Revolutionary work on the body’s immune system and a host of new drug trials mean that beating cancer may be achievable
Last month, the Nobel prize in medicine was awarded for two breakthrough scientific discoveries heralded as having “revolutionised cancer treatment”, and “fundamentally changed the way we view how cancer can be managed”. One of them went to a charismatic, harmonica-playing Texan named Jim Allison for his breakthrough advances in cancer immunotherapy. His discovery had resulted in transformative outcomes for cancer patients and a radical new direction for cancer research.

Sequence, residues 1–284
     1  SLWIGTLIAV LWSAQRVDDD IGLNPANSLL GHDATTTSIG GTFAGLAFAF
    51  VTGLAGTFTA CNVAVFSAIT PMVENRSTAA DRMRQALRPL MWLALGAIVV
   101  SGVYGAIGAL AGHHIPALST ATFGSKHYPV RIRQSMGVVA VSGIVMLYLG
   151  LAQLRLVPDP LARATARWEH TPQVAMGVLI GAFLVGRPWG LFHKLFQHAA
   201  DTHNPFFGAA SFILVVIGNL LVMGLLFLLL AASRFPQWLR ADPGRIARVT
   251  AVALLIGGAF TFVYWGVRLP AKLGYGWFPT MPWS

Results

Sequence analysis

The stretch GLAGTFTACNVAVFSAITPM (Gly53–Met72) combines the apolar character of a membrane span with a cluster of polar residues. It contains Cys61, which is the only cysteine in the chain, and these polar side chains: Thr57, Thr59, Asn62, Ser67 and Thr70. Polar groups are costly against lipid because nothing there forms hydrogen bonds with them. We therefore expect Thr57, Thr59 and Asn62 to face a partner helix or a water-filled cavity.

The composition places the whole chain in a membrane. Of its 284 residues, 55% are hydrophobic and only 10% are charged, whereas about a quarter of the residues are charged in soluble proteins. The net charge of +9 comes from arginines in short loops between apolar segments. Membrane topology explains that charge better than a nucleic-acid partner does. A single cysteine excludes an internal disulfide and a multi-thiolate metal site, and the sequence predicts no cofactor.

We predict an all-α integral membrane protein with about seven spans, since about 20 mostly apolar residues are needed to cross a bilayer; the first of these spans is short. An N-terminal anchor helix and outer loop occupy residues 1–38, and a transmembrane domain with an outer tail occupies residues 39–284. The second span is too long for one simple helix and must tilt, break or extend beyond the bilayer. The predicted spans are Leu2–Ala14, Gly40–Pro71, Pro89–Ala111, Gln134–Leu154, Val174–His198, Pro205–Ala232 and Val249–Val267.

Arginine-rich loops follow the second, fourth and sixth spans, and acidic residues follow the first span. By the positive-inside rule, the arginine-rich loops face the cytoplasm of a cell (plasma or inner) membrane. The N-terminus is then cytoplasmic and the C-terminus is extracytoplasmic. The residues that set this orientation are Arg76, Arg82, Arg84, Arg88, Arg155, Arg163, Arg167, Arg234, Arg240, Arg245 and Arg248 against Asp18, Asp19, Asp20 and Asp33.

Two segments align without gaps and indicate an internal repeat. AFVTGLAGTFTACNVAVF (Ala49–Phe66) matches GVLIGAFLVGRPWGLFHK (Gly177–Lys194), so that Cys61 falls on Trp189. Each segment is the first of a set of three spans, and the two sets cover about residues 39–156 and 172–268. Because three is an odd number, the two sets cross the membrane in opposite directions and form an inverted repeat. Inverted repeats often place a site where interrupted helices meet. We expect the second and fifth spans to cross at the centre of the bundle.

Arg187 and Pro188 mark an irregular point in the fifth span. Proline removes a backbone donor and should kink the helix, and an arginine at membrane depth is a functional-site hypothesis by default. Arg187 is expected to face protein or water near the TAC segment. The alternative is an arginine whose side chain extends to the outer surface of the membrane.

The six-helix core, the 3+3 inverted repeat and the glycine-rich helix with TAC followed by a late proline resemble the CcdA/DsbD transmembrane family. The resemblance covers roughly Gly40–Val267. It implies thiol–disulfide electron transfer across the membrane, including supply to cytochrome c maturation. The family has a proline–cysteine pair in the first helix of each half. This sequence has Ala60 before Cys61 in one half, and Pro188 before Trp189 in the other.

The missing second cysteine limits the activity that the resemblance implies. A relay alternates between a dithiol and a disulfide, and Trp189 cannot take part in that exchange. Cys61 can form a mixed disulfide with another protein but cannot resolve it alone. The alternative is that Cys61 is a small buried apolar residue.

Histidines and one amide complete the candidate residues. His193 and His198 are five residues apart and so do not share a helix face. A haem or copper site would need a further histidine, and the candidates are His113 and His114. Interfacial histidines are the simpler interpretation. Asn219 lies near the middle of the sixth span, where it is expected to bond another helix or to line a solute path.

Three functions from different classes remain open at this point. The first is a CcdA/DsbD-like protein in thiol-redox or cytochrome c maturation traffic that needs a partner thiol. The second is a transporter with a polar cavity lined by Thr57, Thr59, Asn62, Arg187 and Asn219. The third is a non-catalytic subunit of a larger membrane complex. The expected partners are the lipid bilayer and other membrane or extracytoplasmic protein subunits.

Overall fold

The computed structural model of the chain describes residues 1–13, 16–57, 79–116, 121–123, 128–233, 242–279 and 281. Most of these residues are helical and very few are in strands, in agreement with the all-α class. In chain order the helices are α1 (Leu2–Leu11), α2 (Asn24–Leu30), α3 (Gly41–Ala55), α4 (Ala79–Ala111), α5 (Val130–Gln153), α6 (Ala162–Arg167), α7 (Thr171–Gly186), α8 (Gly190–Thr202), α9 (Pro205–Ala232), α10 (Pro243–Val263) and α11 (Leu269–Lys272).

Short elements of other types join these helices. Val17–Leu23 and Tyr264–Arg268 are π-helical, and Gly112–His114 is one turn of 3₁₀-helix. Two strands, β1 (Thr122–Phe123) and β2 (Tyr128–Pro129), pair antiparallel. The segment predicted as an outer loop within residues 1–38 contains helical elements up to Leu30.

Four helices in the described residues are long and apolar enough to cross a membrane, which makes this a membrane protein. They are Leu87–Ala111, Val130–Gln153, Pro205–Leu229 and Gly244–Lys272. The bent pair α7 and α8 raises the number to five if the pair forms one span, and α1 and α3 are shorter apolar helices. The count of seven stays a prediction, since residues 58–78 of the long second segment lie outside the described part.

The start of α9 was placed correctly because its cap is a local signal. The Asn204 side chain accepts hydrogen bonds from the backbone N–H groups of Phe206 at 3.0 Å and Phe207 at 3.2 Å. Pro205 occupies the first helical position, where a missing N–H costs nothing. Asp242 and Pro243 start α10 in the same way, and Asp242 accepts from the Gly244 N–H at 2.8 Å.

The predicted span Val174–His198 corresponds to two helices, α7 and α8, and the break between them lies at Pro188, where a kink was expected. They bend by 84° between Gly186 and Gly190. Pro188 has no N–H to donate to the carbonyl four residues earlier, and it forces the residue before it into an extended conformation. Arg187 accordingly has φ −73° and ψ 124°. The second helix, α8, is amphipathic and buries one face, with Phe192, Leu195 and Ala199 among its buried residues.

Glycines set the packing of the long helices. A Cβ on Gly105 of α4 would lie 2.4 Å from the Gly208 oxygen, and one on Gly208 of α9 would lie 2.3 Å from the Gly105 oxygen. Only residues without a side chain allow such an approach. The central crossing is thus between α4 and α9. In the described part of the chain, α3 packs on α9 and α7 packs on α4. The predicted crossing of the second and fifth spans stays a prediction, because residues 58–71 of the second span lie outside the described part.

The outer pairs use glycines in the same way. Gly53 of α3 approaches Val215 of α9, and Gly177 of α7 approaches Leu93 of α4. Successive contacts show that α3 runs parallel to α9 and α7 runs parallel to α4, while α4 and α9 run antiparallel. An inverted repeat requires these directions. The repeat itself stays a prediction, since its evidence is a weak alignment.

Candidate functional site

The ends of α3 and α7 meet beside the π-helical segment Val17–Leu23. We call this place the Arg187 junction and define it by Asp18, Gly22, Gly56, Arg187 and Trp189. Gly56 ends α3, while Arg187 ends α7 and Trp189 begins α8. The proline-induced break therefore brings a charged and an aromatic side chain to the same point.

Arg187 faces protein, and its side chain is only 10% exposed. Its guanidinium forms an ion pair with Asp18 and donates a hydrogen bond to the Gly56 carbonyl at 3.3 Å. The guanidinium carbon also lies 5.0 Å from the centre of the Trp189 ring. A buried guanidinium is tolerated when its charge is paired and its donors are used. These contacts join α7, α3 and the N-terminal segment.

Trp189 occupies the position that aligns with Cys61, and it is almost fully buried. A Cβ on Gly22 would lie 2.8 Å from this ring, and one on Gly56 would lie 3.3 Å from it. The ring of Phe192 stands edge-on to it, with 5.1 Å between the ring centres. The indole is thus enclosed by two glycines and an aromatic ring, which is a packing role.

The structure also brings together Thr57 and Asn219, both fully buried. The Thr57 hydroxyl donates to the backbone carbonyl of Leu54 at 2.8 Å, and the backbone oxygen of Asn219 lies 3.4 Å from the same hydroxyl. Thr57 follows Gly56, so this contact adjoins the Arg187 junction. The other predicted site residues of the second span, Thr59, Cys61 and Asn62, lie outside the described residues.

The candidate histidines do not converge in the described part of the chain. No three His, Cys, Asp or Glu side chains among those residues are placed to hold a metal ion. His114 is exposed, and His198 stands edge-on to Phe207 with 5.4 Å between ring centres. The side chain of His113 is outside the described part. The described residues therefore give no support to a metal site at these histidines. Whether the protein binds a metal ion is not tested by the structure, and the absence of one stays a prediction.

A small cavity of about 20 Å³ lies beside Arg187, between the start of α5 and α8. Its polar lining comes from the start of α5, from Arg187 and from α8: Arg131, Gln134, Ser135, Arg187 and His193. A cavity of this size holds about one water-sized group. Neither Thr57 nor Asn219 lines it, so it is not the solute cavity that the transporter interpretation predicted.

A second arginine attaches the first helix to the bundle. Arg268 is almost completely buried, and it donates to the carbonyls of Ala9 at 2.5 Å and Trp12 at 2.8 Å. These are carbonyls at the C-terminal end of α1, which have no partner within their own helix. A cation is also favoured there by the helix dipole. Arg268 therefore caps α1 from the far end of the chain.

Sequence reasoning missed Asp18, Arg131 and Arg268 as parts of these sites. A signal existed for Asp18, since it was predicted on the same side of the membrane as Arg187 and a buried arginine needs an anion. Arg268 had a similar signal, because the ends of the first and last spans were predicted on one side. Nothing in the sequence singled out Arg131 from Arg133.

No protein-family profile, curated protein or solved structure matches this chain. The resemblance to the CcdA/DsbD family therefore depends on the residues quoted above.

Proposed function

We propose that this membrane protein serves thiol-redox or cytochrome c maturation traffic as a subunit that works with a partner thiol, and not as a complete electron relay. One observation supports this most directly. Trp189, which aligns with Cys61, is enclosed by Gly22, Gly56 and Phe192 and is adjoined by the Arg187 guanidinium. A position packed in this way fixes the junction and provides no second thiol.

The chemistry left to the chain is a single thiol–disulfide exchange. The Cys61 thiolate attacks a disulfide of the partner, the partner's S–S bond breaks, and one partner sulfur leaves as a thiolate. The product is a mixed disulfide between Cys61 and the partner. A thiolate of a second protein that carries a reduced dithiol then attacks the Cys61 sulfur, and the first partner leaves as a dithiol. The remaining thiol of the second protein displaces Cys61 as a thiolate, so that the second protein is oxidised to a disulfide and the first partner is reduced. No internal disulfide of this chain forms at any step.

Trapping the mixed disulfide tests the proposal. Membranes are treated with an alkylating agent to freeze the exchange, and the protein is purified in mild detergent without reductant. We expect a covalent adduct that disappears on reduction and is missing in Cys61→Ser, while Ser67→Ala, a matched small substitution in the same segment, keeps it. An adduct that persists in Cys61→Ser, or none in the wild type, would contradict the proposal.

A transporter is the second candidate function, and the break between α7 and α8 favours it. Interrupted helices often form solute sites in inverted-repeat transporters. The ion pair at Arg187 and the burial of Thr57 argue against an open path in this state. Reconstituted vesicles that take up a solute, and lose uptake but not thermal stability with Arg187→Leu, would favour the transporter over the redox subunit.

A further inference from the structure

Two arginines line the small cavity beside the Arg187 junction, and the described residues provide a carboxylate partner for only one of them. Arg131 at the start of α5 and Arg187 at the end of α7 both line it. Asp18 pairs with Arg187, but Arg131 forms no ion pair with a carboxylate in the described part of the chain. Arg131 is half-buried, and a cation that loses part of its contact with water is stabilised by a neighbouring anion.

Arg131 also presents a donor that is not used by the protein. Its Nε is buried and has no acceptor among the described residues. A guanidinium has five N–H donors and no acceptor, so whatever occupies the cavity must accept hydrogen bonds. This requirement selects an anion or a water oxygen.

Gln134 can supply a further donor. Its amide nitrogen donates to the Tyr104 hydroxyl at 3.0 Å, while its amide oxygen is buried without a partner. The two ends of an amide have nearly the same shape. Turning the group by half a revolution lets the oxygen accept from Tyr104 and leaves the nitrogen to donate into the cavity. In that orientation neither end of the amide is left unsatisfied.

And yet many cancer patients, and even some doctors, have hardly heard of cancer immunotherapy or refuse to believe it. Those who have struggle to make sense of the new menu of options and sort reasonable hope from overblown hype.